Finally, with respect to its third principle the Guidance provides that financial institutions must have strong and effective corporate governance to ensure sound incentive compensation practices. This necessarily entails substantial involvement by an institution’s board of directors (particularly with respect to the compensation of senior management), which should be made up of parties with an appropriate level of expertise in risk-management, and in some cases by a committee of primarily non-executive directors devoted to compensation issues.  

The Guidance also indicates that institutions should disclose sufficient information to restrain imprudent risk-taking (including, but not limited to, compliance with applicable securities law disclosure requirements). Under the Guidance, large banks should develop incentive compensation arrangements systematically, using formal policies, procedures, and systems that mitigate and monitor appropriately all forms of risk (taking into account various types of employees, performance measures, timelines, and methods of imposing checks on imprudent risk-taking).  


Europe has recently begun developing its own solutions to the perceived adverse impact of existing incentive compensation practices. In July 2010, the European Parliament approved a variety of sweeping restrictions (“CRD3”) that constitute some of the world’s strictest limits on financial institutions’ incentive compensation practices.2 These rules are applicable to U.S. (and other non-European) banks operating in the EU, so it will be critical for institutions with operations in Europe to understand the limits (which become effective in January 2011) and adapt applicable compensation arrangements appropriately. Moreover, since the Federal Reserve Guidance provides few specific limits, some may view the European CRD3 rules as establishing “bright-line” limits for incentive compensation at U.S. financial institutions, at least those with operations in the EU. Also, in the event that additional, more stringent U.S. compensation restrictions are added, they may be similar to the EU’s limits; therefore, conforming compensation to those limits now could reduce the need for more extensive changes in the future.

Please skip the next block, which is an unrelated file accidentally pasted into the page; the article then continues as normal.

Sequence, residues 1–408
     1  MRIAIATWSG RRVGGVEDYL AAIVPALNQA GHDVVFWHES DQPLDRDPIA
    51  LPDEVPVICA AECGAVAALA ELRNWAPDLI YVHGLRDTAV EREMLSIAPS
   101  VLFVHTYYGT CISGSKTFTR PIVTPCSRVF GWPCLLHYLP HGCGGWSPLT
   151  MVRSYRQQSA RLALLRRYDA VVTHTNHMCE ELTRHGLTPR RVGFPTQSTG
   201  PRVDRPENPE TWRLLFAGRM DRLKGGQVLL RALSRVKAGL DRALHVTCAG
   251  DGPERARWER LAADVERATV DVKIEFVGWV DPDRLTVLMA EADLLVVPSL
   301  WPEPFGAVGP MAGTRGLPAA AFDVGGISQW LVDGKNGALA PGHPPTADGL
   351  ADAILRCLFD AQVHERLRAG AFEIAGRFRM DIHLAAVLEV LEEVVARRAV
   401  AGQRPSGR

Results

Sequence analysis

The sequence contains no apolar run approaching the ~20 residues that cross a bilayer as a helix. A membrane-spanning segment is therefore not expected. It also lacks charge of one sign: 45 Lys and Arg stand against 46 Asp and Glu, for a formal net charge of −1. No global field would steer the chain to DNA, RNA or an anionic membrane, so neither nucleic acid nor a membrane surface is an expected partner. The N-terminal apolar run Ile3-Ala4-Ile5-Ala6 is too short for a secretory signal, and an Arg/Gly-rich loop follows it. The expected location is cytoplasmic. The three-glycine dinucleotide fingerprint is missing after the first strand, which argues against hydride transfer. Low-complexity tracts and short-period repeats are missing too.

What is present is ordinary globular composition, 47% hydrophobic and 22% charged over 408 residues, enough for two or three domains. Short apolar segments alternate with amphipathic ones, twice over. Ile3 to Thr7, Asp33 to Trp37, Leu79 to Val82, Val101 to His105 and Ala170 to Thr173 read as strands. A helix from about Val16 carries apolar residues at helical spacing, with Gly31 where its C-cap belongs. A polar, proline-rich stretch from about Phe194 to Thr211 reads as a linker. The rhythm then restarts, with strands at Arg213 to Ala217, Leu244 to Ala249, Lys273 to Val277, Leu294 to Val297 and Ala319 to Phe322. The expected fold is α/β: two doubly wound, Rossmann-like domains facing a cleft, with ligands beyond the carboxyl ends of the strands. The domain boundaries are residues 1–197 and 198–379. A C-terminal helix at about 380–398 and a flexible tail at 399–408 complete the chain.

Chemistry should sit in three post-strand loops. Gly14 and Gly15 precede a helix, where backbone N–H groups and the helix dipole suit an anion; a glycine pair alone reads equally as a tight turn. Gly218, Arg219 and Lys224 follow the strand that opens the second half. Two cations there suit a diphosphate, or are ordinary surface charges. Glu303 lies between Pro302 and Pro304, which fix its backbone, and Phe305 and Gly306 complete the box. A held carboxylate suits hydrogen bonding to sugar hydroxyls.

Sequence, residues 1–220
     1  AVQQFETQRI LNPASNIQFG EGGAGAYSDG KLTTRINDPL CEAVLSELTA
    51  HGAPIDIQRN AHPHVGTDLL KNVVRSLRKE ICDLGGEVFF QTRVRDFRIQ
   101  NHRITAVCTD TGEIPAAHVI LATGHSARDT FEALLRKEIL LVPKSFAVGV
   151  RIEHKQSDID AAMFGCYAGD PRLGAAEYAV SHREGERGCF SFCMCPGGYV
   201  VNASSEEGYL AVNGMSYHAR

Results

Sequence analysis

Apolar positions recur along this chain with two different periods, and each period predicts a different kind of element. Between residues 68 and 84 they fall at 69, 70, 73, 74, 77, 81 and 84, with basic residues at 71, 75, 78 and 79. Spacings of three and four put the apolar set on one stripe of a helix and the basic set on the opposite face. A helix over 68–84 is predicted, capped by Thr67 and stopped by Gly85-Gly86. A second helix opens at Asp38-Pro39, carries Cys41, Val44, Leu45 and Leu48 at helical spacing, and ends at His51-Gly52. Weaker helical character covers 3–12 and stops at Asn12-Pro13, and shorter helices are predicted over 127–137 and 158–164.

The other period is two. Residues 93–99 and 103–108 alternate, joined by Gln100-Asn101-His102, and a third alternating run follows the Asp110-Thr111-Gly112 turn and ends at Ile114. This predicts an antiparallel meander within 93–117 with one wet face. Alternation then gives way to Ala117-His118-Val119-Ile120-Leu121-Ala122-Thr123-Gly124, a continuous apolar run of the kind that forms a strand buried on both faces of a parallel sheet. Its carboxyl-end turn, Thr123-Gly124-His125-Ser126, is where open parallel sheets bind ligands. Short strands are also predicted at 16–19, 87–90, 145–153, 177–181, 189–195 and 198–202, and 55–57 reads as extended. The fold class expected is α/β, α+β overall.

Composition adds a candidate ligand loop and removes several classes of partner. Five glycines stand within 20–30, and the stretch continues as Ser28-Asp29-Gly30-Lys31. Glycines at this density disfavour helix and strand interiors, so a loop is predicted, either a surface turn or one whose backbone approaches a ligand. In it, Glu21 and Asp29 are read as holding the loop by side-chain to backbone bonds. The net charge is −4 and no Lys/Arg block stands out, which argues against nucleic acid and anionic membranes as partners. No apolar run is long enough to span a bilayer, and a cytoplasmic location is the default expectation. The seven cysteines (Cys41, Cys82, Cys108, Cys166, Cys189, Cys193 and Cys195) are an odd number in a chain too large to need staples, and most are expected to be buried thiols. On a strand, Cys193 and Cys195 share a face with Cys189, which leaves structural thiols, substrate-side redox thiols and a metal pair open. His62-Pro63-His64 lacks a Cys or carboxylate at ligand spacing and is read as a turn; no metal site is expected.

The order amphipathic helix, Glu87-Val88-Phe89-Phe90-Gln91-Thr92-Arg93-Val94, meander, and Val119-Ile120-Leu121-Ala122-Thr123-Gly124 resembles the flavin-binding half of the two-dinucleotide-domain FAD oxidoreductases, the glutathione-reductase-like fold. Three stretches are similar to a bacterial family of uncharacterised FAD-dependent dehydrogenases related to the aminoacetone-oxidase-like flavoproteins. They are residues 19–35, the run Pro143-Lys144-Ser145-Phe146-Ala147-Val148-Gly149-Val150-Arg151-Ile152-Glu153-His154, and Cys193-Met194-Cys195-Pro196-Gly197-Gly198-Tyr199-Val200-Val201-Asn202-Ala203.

Although some of the details of the European CRD3 rules are still being developed, these rules already prescribe a number of specific limits. These include 20 to 30 percent, depending on the size of the bonus, that may be paid up-front, in cash; a requirement that 40 to 60 percent of bonuses must be deferred for at least three years; and a requirement that bonuses include clawback provisions so that they may be recovered if investment performance is weaker than expected over longer periods. In addition, at least 50 percent of incentive compensation amounts must be paid as contingent capital3 (such that the amounts may be called upon first in the event that the institution experiences financial difficulties) and shares or equivalent ownership interests.